credulity had to step to the front and of its kind . But fate decreed otherwise.
make room, as an advance-guard, for the The "miracle" produced by the drawing
true disci pies who stood ready to believe, of a bow across a string, whereby he
even sometimes against their own con- claimed to harness or release the force of
victions. And when his benefactress im- air and water, the "miracle" of controlling
plored him to let such men as Mr. Edison the elements, ceased to exist when he
into the secret as an evidence that there passed away.
Keely 's education had been limited to a
was no humbug, Keely knew what was best
for him, and treated the advice as not degree. A carpenter by choice of trade.
he had a penchant for mechanics from
worthy of consideration.
Keely posse-sed few traits ..........~~~~~~~~....... an early ao-e, and it is said by
those who knew him in
of the typical inventor.
He lived a life of comhi youth that his ear
parative ease,
" as musical enough
t o h ave been the
the opulence thn.t
he displayed led
placing him in the
the suspiciou
to believe that
c onductor's
things were
chair of 11
small orchesnot as they
ought to be.
tra, at one
And so in
time. But
that Philawhile those
delphia labcurious musica! charts
oratory th is
man built
which he
theories out of
drew, with no
m et a I,
small skill for
turned metal into
an a m ate u r
th eo ri es wh ich,
draftsman, may
undoubted ly, baftled
mean somethi ng
his own, c h a ritable
unique to the men who
enough, understanding.
employ the compass and
The nooks and corners of
the square. t o others they
his w orkshop cou ld tell of ~< ustcA L CHART "'" WHi c H K EELY merely illustrated a t rend of


hours spent 10 chasing the
Hi s ET H ER IC" FoRcE.
mind into a domain where
elusive force-provided K eely had been mortal should not venture.
his own worst enemy, and attempted
It should not be forgotten that Keely presomething which he really expected to at- dieted that the flying-machine, for which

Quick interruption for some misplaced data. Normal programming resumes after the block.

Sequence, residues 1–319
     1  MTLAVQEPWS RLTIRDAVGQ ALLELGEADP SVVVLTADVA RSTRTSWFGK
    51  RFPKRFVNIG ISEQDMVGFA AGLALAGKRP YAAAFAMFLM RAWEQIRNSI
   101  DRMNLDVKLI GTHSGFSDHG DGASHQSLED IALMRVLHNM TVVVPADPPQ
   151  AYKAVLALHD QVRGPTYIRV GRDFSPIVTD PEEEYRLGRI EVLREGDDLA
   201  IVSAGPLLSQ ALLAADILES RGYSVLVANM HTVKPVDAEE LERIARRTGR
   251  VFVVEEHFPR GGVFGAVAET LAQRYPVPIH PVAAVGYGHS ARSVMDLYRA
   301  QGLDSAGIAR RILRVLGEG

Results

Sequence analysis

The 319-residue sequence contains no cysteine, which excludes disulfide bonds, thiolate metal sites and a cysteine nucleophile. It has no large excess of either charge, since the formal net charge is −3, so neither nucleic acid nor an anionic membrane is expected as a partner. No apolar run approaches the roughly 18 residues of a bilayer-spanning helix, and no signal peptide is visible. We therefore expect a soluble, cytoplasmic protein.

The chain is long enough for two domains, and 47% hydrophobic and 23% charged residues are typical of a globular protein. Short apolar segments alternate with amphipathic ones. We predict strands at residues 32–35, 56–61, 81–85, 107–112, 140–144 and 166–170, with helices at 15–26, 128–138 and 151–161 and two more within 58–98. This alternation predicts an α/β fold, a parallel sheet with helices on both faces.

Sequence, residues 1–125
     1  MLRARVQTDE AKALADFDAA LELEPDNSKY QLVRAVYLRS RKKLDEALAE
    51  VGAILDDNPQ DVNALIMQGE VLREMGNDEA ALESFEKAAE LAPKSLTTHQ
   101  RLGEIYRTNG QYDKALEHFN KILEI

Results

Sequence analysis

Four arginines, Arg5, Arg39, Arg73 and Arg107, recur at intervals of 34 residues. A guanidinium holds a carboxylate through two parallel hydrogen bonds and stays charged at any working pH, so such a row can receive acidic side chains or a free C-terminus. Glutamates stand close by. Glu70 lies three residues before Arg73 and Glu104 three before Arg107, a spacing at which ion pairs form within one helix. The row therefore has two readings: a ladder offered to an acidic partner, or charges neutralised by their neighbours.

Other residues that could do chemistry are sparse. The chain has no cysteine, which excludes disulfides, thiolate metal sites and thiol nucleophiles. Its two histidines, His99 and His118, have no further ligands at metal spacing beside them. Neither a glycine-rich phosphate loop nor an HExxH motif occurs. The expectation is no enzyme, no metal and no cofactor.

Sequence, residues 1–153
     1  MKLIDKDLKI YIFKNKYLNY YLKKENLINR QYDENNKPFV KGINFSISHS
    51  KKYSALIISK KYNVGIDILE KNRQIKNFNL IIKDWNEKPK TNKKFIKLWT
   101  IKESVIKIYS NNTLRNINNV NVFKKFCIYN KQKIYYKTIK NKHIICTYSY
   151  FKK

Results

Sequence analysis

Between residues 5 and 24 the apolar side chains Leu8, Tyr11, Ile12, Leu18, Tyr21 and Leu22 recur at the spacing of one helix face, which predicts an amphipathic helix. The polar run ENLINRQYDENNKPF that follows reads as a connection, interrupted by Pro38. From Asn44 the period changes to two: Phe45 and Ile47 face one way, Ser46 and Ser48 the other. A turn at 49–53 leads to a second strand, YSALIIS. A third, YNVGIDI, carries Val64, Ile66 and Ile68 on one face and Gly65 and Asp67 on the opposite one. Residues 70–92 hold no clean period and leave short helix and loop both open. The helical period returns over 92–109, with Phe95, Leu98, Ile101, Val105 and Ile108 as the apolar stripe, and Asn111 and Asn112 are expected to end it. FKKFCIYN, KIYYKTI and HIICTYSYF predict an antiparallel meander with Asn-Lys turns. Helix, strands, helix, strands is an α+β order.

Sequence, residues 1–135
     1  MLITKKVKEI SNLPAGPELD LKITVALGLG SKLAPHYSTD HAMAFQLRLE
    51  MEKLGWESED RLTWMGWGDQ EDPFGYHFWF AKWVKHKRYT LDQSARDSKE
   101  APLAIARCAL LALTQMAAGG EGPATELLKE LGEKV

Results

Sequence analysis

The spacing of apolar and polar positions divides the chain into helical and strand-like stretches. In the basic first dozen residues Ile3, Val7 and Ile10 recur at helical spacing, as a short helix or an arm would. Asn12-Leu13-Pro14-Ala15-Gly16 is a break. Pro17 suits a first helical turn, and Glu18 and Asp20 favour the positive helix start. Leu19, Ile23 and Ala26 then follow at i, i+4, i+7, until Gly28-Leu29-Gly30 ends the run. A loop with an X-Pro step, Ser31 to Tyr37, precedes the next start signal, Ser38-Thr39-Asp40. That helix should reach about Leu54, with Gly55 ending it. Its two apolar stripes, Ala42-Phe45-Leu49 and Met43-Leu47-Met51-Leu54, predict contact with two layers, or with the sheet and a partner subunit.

tain. But it is here that the most mo- the century bas been waiting, would come to
mentous qu estion comes to the fore. If he pass the moment his motor stood completed.
really did believe in his own theories, the And in the same way he asserted that his
discoveries whi ch have been made defy pneumatic gun was the one and only instruthat proposition. AP-d if be was a charla- ment of its kind for ~o ve rnm ents to make
tan, his cr.recr will prove one of the most use of- as soon as the motor power he had
stupendous impositions ever practised by in mind had been prod uced .
The construction of the motor plant was
man .
The scientific nomenclature employed by nearly all his own doing. Composerl of
Keely would have necessitated the recon- the motor proper, and the transmitter, the
struction of the latest di ctionary to cover machine rested on a heavy brass base .
his terms and sentences. If his dreams had Here, too, was a hollow brass sphere or ball.


Between the engine and the transmitter
ran a se ries of wires, and along the base of
the transmitter au array of steel rods
bristled like so man y fix ed bayonets ready
to repulse the attacks of the incred ulous.
These steel rods were responsive to the
touch, and compared to the ordinary
musical scale, which is subject to the
The interior of the g lobe almost defied
description, but out of the complex mass
brass tubes and adhesive plates stood
prominently. This was the shifting reso-

flow of talk about " finding a neutral